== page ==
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Kitty Craft
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cat skills
Kitty Craft

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While we're not in the business of putting music into neatly-labeled buckets, we must admit that we're never sure how to describe Kitty Craft. Pamela Valfer's cut-up work adheres to its own unique aesthetic, and Catskills is even more laid back than last year's Beats and Breaks from the Flower Patch. It's languorous, lazy summer day music...with beats. More akin to dreamy bubblegum pop than downtempo trip-hop, Kitty Craft is like a nicotine patch for music lovers who can't make a cold-turkey break with breakbeats.

If you checked out Beats and Breaks..., you know the name of the game -- Valfer uses gentle-yet-bouncy percussion loops as a foundation for a variety of mellow samples -- acoustic guitars, floating pop strings and faintly psychedelic tinkling, spiced with a variety of interjections from lo-fi keyboards. But beyond the measured tempos and the scratchy seventies pop/muzak samples, there's a lot to enjoy, from "San Fran"'s brain-tickling sitar samples to "Comeback Queen"'s twinkly bell tones to "At the Charity Stripe"'s chewy analog synth accompaniment. Valfer's voice comes in multiple layers; mostly it's soft and sweet, like a lullabye, though her more nasal pronouncements may irritate. "How Long Can This Go On," perhaps the album's most energetic track, is downright delightful, though it might drive you nuts trying to figure out whether or not there's a sample of Funboy Three's "Our Lips Are Sealed" in there somewhere.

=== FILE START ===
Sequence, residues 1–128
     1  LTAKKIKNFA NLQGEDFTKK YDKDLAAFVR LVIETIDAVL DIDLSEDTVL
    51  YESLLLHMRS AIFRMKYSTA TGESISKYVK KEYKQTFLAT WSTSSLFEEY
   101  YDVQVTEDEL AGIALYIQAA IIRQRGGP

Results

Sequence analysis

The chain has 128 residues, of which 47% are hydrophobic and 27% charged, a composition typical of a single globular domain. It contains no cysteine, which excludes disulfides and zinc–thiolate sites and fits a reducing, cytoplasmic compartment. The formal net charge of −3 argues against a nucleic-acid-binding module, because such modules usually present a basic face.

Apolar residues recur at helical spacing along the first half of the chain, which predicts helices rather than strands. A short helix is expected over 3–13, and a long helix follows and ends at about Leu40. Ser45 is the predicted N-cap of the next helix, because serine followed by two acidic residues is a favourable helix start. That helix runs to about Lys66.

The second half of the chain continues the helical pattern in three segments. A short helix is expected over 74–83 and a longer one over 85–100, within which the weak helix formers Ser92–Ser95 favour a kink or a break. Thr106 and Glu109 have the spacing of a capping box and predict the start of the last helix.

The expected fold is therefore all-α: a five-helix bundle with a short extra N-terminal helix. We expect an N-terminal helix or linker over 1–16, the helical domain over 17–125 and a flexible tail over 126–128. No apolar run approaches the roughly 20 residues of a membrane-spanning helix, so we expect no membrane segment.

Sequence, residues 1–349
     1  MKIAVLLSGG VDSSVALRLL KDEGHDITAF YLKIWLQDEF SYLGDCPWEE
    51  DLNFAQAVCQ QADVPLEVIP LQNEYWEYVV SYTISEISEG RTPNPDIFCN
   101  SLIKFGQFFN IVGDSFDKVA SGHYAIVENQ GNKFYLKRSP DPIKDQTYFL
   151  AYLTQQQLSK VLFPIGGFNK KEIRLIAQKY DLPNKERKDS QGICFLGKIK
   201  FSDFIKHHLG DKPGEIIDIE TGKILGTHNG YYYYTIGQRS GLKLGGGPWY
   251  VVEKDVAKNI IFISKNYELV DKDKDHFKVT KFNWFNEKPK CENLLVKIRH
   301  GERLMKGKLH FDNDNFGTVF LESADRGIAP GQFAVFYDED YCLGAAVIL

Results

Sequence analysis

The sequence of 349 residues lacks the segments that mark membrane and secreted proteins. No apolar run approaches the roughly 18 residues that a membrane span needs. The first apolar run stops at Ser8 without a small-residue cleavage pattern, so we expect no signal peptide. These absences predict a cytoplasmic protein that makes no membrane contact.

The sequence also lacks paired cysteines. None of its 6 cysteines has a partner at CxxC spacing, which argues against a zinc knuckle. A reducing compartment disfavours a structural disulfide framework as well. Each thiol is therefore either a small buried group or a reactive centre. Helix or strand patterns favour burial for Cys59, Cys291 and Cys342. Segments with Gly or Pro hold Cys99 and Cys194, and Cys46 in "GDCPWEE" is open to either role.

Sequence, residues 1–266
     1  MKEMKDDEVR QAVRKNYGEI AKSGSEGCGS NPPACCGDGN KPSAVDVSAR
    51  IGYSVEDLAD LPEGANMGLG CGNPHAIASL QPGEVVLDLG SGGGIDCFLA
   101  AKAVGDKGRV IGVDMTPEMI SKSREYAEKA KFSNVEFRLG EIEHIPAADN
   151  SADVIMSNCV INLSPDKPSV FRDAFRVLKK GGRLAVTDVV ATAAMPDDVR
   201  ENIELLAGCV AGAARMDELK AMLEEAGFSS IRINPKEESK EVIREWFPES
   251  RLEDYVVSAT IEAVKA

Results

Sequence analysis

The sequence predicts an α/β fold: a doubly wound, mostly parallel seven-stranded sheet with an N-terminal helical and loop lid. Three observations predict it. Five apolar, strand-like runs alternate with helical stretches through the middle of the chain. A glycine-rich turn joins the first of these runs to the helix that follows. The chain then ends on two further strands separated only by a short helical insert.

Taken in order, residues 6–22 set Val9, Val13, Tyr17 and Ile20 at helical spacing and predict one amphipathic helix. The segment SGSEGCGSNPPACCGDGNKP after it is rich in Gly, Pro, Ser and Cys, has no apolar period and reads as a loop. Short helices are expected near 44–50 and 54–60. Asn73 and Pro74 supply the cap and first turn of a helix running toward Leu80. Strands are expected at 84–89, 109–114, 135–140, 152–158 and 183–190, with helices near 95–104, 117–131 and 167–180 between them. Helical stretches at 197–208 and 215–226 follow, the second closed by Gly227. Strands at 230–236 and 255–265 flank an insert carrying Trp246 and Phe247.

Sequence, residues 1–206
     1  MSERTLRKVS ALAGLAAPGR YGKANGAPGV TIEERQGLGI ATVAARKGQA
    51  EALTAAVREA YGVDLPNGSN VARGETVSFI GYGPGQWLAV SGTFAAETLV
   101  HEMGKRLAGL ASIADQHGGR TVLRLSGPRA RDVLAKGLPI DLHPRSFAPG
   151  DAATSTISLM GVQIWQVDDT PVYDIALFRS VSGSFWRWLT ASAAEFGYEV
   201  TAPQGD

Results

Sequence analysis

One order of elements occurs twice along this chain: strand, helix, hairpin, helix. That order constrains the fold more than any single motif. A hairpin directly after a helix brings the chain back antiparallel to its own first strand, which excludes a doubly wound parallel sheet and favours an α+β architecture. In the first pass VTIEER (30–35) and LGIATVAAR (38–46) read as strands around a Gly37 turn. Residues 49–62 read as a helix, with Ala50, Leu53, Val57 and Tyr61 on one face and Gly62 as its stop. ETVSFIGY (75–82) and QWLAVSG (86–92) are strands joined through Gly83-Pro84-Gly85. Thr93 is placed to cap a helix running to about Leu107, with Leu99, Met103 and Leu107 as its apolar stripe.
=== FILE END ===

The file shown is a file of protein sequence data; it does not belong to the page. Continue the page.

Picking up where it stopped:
Detractors will tell you that most of Catskills sounds the same...and to some degree, they're right. Valfer is working with a fairly limited palette, and after the third or fourth song, if you're not listening attentively, the album devolves into a warm, friendly blur. Perhaps it would behoove Valfer to shoot for more variety the next time around, but there's nothing wrong with a warm, friendly blur -- indeed, it seems like that's the way the album is meant to be enjoyed. This isn't an urban soundscape. It's music for aimless Sunday afternoons, and picnics and low-key late-night get-togethers. It's the sound of modest luxury, and that's how you should approach it.

-- George Zahora
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